Reviews

Counselling and Psychotherapy after Domestic Violence: A Client View of What Helps Recovery

Drawing on a research project undertaken by the author when she was becoming a counsellor, this book is intended to help counsellors with limited experience to understand the challenges faced by people who have experienced domestic abuse

Drawing on a research project undertaken by the author when she was becoming a counsellor, this book is intended to help counsellors with limited experience to understand the challenges faced by people who have experienced domestic abuse.

Its seven short chapters refer to important international research projects that cover therapy, domestic abuse, counselling styles, empathy, care and comfort. They focus on the relationships between the person who has been abused and the therapist, counsellor or support agent.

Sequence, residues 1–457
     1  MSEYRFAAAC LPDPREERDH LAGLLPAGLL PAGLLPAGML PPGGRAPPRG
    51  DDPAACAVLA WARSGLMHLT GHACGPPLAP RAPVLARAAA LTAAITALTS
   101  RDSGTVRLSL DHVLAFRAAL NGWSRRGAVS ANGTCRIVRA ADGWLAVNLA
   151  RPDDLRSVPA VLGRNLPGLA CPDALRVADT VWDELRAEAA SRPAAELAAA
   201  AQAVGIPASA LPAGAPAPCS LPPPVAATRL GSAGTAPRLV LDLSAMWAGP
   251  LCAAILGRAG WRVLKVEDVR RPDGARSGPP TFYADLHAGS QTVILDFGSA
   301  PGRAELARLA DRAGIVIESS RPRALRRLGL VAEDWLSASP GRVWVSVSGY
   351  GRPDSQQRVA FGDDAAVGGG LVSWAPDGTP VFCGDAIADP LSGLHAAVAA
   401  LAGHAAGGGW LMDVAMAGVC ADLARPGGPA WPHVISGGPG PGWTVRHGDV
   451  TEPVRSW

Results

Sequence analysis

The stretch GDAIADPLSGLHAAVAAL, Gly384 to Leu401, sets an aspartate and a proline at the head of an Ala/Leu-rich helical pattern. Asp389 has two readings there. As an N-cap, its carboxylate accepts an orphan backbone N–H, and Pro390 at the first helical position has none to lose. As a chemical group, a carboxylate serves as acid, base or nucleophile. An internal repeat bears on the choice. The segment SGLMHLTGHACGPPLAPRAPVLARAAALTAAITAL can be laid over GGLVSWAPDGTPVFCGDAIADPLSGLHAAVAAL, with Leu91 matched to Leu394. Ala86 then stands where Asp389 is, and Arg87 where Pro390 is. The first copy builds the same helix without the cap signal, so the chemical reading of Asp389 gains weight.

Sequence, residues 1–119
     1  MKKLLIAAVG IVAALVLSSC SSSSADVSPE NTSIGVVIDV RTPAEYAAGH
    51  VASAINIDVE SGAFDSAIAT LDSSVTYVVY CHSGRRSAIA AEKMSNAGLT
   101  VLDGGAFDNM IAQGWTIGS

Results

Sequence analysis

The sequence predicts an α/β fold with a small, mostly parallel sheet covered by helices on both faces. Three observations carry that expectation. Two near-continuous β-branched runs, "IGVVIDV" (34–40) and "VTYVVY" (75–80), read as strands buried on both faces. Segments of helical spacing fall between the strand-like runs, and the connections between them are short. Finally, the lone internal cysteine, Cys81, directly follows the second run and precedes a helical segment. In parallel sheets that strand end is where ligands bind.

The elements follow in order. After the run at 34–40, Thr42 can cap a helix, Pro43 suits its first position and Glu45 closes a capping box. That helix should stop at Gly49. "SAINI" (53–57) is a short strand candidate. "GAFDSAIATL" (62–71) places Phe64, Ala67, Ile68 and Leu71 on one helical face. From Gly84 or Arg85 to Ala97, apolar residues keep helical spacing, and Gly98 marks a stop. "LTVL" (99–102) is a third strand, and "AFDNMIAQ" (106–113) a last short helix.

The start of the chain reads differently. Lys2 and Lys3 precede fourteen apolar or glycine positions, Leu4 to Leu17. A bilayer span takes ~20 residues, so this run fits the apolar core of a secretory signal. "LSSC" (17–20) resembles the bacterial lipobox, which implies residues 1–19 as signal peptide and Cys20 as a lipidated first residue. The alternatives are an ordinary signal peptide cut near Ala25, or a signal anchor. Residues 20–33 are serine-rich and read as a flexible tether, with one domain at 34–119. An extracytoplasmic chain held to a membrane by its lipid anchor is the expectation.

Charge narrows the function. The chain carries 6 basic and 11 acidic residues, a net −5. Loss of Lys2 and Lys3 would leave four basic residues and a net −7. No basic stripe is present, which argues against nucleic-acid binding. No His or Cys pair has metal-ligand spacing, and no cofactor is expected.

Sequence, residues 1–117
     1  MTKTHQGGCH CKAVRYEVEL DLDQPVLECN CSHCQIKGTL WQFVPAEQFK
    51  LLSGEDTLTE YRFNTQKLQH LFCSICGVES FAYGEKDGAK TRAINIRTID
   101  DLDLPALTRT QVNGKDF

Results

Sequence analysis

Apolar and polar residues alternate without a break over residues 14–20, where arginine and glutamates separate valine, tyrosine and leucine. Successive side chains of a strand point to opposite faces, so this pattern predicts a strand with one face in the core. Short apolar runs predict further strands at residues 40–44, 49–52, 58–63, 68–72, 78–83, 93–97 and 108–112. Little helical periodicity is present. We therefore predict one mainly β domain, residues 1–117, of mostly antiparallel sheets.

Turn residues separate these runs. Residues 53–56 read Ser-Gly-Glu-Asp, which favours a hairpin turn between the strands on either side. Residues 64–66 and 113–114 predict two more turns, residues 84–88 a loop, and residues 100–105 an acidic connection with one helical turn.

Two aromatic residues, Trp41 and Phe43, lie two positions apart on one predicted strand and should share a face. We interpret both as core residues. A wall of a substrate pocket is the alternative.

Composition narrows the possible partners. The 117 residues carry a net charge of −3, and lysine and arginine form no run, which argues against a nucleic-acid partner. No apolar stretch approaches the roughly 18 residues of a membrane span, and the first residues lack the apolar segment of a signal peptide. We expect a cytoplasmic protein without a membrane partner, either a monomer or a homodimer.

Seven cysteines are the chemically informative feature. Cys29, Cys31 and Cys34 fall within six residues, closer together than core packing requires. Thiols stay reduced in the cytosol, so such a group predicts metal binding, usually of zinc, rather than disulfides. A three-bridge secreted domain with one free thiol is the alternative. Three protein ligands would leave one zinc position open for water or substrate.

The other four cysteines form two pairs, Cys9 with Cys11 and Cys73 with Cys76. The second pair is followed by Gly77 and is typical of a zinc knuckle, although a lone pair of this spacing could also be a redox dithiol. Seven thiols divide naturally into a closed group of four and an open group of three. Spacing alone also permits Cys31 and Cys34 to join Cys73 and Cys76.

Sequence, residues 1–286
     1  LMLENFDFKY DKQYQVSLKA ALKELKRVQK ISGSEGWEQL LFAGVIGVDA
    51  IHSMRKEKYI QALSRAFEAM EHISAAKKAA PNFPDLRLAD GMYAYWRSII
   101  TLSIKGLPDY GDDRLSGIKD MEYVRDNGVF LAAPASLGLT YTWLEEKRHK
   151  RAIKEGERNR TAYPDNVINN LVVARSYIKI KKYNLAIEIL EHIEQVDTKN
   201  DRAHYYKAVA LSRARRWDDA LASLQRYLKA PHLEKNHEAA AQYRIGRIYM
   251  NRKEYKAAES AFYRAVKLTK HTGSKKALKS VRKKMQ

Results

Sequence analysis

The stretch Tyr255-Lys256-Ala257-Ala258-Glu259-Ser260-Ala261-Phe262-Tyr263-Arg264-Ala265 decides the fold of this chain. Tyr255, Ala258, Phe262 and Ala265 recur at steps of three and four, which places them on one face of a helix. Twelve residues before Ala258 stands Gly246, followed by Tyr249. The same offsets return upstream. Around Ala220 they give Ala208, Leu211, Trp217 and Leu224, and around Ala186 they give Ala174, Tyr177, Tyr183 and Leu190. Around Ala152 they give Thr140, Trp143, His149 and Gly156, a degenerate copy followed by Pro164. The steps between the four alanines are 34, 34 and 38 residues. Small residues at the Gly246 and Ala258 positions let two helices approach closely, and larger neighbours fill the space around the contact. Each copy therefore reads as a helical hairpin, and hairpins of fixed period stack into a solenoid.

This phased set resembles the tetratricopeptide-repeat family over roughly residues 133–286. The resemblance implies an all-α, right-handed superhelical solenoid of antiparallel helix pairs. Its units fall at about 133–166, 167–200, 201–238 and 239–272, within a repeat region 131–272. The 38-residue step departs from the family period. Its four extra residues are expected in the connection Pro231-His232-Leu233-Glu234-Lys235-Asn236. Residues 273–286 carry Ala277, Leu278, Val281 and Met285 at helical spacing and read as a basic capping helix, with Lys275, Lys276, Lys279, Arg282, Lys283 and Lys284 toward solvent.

The book gives a voice to those affected by domestic abuse and an insight into the therapy relationship, where trust is precious and victims often fragile. It includes male victims, who are often overlooked in domestic abuse, and the different responses from female and male clients demonstrate how needs and expectations can vary during therapy.

This book will be valuable to professionals involved in general counselling, independent domestic violence advisers, therapists and those supporting victims of domestic abuse. It will also help improve nurses’ understanding of patients presenting with suicidal tendencies, self-harm, depression and abuse.

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